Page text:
Event Date: 28 March 2013
Birkbeck Main Building
Birkbeck, University of London
London WC1E 7HX
The Department of Philosophy at Birkbeck presents:
Mind & Language Conference at Birkbeck College
The Cognitive Science of Religion
I argue that to talk of a cognitive theory of religion is misleading. To talk in this way assumes that religion is specific feature of what it is to be human. By contrast I propose that the phenomena which the English word ‘religion’ evokes, such as beliefs that can be formulated as propositions, must be, understood as historically specific. The relevant history behind this has to do with the nature of states and what happens after their collapse. The other problem with a cognitive theory of religion is that the features that have been looked at, for example the minimally counter-intuitive character of ‘religion’, are, in fact, universal aspects of social life and which cannot be labeled ‘religion’. These include the time transcending imaginations involved in notions of clans or nations. It turns out that what has been studied as ‘religion’ is a fundamental aspect of a general aspect of our species, that is the unique character of human sociability It is the study of this general phenomenon that requires a generalising cognitive examination.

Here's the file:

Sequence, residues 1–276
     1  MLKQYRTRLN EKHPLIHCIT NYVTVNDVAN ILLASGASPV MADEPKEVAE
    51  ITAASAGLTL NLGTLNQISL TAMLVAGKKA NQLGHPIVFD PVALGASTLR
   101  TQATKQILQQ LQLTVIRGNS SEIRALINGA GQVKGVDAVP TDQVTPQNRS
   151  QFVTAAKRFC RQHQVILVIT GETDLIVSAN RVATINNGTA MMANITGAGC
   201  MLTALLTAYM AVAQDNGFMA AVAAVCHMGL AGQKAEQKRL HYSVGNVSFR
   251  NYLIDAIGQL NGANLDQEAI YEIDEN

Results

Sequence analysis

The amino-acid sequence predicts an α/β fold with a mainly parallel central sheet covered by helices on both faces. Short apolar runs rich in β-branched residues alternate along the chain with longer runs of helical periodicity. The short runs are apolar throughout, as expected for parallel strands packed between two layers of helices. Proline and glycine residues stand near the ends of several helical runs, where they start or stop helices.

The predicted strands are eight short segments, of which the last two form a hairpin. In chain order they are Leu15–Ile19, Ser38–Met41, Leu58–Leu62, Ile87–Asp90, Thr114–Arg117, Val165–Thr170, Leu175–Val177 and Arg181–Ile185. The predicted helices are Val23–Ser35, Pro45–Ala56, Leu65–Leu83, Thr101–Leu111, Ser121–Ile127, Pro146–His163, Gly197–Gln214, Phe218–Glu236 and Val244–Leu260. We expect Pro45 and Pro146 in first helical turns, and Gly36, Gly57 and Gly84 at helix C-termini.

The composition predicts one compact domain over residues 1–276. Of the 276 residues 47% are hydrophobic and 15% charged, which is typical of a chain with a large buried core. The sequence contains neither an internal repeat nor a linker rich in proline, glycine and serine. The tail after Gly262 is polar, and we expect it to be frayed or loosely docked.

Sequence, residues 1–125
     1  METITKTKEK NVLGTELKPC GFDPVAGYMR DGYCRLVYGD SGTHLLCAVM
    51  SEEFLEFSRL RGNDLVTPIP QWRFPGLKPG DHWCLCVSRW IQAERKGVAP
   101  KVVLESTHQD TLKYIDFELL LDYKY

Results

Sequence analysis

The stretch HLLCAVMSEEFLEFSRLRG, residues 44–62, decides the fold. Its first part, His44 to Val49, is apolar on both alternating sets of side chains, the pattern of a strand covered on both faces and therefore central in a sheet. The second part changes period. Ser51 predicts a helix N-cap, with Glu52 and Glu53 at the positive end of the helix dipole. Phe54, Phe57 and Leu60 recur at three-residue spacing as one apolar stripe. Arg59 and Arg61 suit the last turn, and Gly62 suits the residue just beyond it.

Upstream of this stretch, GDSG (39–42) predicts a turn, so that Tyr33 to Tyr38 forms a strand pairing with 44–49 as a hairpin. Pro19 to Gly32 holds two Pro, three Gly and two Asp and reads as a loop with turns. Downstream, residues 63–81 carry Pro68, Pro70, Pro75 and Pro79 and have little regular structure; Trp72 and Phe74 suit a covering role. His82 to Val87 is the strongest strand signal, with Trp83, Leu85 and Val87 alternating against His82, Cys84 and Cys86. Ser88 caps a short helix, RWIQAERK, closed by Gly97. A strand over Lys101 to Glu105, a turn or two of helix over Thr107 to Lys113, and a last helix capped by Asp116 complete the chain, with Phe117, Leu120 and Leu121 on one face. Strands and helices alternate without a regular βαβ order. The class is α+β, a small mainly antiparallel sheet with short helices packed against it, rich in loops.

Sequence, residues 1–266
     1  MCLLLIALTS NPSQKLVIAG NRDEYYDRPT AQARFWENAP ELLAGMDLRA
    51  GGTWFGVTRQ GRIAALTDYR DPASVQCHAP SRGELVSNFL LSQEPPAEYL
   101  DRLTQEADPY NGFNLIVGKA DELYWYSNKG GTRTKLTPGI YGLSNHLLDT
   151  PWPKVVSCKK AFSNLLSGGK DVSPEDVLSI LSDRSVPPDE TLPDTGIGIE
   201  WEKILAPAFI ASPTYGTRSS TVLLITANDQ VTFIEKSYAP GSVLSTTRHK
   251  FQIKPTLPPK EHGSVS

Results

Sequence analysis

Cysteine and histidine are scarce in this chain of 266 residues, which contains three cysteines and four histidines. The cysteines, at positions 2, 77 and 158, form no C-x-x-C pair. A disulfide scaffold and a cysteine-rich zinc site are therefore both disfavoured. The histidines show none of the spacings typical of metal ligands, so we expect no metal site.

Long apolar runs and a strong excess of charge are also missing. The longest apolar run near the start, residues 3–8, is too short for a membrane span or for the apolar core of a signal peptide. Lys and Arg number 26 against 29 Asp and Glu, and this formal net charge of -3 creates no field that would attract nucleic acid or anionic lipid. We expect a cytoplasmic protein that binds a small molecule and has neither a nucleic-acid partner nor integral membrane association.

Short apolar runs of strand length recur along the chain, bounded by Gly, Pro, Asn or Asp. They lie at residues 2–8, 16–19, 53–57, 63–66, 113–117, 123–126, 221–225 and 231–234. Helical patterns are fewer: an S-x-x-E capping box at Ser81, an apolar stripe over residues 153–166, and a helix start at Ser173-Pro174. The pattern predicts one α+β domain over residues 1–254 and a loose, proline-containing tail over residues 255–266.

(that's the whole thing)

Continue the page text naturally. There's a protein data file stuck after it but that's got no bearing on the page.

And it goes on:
Professor Maurice Bloch (LSE) – How Did ‘Religion’ Come About?
Chair: Deirdre Wilson (UCL)